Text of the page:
Background: Inflammation is implicated in the pathogenesis of atherosclerosis and acute coronary syndromes. White blood cell (WBC) count increases during infections and inflammatory illnesses and has been shown to predict coronary heart disease (CHD) independent of traditional cardiovascular risk factors. This apparent association may reflect a relationship between the WBC count and other coronary risk factors. Studies in patients with CHD are scarce and give conflicting results. The aim of the present study was to investigate the association between WBC count and subsequent coronary events and total mortality in a large cohort of patients with CHD. Methods: We evaluated the relationship between WBC count and 6-year risk of coronary events and mortality in a large cohort of patients with chronic CHD who were enrolled in a secondary prevention study of bezafibrate. Results: In univariate analysis, WBC count was associated with an elevated 6-year risk of myocardial infarction, cardiac death, and total mortality. On multivariate adjustment, the positive association with risk of myocardial infarction and cardiac death was eliminated, but WBC count remained predictive of total mortality: relative risk, 1.47; 95% confidence interval, 1.13 to 1.92, in the upper tertile of WBC count (as compared with the lowest). For every 1000/pL increase in WBC count, risk of total death increased by 6% (relative risk, 1.06; 95% confidence interval, 1.03-1.10). Conclusions: Elevated WBC count in patients with CHD was associated with higher long-term risk of all-cause mortality. This excess risk of mortality was not due to cardiac causes.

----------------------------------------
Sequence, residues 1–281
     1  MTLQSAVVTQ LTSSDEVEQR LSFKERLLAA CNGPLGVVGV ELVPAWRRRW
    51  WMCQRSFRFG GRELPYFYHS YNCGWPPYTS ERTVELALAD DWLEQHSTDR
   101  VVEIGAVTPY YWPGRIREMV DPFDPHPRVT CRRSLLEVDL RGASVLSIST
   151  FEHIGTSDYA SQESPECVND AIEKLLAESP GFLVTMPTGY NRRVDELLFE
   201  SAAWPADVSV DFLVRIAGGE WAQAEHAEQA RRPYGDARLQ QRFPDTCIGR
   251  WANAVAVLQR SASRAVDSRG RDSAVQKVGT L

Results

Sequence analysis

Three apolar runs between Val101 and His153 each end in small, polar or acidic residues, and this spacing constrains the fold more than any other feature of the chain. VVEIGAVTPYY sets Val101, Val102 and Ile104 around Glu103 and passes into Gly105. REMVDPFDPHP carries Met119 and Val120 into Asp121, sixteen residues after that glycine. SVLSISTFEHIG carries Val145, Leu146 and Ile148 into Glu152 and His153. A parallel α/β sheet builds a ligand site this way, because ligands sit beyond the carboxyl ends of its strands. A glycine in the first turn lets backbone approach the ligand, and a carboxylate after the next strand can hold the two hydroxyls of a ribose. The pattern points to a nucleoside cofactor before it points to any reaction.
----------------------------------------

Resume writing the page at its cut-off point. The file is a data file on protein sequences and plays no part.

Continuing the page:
ASJC Scopus subject areas
- Internal Medicine